There’s never been so much choice when it comes to buying a laptop, which is great news for us – but it also means that there are more machines to sift through before you find your perfect portable. Even if you’re a tech enthusiast, that still means a time-consuming search as you sort through dozens of potential purchases. That’s not ideal – which is why we’ve picked out the best laptops in every key category.
Coming up in the next few months, we’re expecting to see a Google Pixelbook 2 and a 16-inch MacBook Pro. Here’s the best of what you can buy right now.
What’s the best laptop in 2019?
The Dell XPS 13 2019 (from £1,149) is thebest laptopyou can buy for most uses. The performance has been boosted and the price dropped with the same quality screen and slim, sturdy ergonomics.
If you just care about gaming performance, thebest gaming laptopis the MSI GE75 Raider 9SF (£2,200). There’s plenty of power for gaming and other computing with a large, absorbing screen and it’s cool and quiet too.
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Dell XPS 13 (2019)
WIRED Recommends: Dell’s XPS 13 is slim, light and capable
Weight:1.2kg |Size:11.6mm thick |Battery life:Up to 21 hours |Screen:13.3-inch 1080p/4K |RAM:8/16GB |Storage:Up to 1TB |CPU:Up to 8th gen Core i7 |OS:Windows 10 Home
We previously recommended the XPS 13 because it was a stunning, versatile machine – and sensible upgrades and small tweaks make the 2019 version even better. With the newDell XPS 13 (£1,070)you get Intel Whiskey Lake processors, which deliver improved efficiency and a performance boost. The webcam has moved to a more sensible position above the panel, and the existing silver and rose gold options have been joined by a bright, metallic finish called ‘frost’.
Elsewhere, the XPS 13 is the same – and that’s no bad thing. It still weighs 1.2kg and is just 12mm thin, and it’s sturdy thanks to aluminium and fibreglass construction. The bezel is tiny, the power button still doubles as a fingerprint reader, and you still get a solid selection of USB Type-C and Thunderbolt ports.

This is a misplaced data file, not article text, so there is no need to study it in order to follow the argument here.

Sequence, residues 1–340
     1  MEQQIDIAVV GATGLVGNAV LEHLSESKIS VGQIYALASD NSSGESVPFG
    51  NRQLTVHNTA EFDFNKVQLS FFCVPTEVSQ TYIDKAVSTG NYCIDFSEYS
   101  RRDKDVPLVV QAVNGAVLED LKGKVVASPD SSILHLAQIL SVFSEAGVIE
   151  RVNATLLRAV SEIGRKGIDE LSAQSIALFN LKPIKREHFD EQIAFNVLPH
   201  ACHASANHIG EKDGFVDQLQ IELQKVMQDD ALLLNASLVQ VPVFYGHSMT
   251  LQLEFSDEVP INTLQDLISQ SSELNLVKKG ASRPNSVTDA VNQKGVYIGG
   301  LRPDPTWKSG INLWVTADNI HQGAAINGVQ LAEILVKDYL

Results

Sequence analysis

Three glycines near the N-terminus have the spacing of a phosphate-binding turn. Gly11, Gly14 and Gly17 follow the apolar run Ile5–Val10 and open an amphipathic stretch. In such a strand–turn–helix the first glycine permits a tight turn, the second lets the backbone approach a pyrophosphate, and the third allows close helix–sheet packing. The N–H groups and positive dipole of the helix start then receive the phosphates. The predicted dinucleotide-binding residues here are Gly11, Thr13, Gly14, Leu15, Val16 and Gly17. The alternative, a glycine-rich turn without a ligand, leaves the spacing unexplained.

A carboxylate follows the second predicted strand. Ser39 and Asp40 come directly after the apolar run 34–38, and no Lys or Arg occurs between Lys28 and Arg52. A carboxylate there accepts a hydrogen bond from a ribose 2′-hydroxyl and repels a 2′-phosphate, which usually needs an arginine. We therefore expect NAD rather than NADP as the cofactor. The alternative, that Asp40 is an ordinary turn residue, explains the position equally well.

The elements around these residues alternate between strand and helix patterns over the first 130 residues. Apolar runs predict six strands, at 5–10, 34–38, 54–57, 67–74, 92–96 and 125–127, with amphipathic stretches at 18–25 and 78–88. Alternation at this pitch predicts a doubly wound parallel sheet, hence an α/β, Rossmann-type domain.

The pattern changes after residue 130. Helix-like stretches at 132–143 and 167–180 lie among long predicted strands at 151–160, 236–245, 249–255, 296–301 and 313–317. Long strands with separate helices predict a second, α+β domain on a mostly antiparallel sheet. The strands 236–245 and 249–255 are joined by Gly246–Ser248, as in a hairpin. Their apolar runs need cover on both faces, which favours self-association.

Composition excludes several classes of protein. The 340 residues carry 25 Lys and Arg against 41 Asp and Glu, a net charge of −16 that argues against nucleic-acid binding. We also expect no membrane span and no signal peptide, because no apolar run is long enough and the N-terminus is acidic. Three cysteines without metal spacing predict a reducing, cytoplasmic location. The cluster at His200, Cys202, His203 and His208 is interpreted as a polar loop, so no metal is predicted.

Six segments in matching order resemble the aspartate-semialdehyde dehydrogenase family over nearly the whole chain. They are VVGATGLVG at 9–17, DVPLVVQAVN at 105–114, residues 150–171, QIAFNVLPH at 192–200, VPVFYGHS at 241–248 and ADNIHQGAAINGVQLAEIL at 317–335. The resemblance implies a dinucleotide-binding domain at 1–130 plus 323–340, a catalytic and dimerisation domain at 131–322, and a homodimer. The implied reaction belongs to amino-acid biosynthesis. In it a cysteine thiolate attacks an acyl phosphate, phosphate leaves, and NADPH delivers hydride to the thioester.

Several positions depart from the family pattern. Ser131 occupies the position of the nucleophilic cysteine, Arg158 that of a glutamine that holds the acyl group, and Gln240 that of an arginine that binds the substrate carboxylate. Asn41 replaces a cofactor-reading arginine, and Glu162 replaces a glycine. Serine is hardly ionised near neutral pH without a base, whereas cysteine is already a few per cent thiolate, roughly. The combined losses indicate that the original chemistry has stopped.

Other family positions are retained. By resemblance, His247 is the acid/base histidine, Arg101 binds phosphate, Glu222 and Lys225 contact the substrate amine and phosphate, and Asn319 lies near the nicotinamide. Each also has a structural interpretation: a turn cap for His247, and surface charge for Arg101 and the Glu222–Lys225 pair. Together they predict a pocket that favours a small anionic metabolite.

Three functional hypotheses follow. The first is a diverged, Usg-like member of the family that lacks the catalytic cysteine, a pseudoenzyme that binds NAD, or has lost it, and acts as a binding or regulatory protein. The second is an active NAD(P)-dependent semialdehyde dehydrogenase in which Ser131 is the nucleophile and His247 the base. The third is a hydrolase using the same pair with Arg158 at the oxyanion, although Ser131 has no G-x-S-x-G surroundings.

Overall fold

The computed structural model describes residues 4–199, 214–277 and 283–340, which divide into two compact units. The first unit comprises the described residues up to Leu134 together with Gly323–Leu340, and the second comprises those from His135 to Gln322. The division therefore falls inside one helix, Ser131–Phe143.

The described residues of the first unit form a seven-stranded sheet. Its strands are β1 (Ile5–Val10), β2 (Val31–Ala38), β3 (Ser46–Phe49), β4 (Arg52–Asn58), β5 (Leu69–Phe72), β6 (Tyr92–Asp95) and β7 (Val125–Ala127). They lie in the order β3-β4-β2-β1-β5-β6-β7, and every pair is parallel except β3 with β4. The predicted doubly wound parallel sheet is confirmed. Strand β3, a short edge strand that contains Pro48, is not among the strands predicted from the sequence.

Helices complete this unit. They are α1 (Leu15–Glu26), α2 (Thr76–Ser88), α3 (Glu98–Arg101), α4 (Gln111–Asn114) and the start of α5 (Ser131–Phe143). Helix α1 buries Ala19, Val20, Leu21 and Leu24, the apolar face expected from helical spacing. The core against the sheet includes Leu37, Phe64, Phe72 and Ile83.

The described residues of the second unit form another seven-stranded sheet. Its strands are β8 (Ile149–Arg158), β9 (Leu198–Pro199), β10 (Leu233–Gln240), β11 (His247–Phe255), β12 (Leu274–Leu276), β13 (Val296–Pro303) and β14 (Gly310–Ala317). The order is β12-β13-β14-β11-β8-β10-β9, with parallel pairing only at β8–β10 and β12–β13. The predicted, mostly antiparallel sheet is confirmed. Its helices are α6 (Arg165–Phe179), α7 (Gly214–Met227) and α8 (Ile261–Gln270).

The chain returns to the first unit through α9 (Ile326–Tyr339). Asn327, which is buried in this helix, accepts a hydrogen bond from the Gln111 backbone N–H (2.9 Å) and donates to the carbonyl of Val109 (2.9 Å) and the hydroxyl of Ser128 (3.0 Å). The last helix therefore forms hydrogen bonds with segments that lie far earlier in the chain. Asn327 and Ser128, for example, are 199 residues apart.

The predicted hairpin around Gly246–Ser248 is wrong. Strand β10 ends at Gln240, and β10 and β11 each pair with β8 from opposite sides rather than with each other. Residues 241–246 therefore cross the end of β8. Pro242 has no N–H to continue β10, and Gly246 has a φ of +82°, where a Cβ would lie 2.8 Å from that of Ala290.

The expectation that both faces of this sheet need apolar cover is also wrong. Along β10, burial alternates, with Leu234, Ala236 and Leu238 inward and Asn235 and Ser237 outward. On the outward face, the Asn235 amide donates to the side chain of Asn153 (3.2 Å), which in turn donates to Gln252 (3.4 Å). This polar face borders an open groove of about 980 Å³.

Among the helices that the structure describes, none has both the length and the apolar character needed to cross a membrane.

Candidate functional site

The screen remains available in 4K touch and 1080p non-touch variations, and quality is exceptional. The fast, consistent keyboard is one of the best on any ultraportable.
On the inside, those new Intel CPUs are joined by plentiful RAM and SSD options. Entry-level, Core i3 machines start at £999 – £100 cheaper than last year. There are loads of mid-range choices, and the £1,848 top-end model undercuts last year’s £1,929 laptop while offering a Core i7 CPU and vast SSD.
Any configuration will scythe through day-to-day computing, media playback and Office work. Core i7 models will run tough work tools, too, although you’ll need something beefier for particularly demanding software. And, finally, battery life is a little better – so expect a full day of use from the XPS 13, especially if you have the Full HD model rather than the UHD display. The lower prices are welcome, and presumably Dell’s response to the Huawei MateBook line. The XPS 13’s weak point remains its lack of a discrete GPU – something that the Huawei does offer.
Dell has retained the XPS 13’s best points while making helpful changes in key departments – all while dropping the price. The Dell XPS 13 is better than ever, which is why it remains our favourite laptop.
Pros:Updated processors; cheaper prices; fantastic ergonomics Cons:Still no dedicated graphics
Weight:1.68kg |Size:11.6mm thick |Battery life:Up to 14 hours |Screen:14-inch 720p/1080p |RAM:4GB |Storage:32GB |CPU:1.6 GHz dual-core Celeron N3060 |OS:Chrome OS
There aren’t many better options than a Chromebook if you want something portable and affordable, and Acer’sCB3-431 Chromebook 14 (£279)is the best of the bunch.
Chrome OS gives you the freedom to work online – which is perfect if you’re already familiar with Google’s products – and the Acer’s useful 12-hour battery life, Intel Celeron processor and 4GB of dedicated memory ensures that you’ve got enough power to zip around between tabs and apps. Those are, of course, modest specs but it’s capable enough for what you need from a Chromebook.
The well constructed aluminium alloy housing does a good job of balancing strength and weight, and the 14-inch Full HD display gives plenty of screen real estate. And, if you need more, Acer also sells a 15.6-inch variant. It’s light, affordable and versatile – and so Acer’s latest Chromebook is ideal for zooming around the web.
Also consider:If you prefer Windows, check out the equally good valueAcer Aspire 3 (£280).It’s a solid laptop for those on slim budgets with a Full HD screen, decent keyboard and solid Core i3 processor.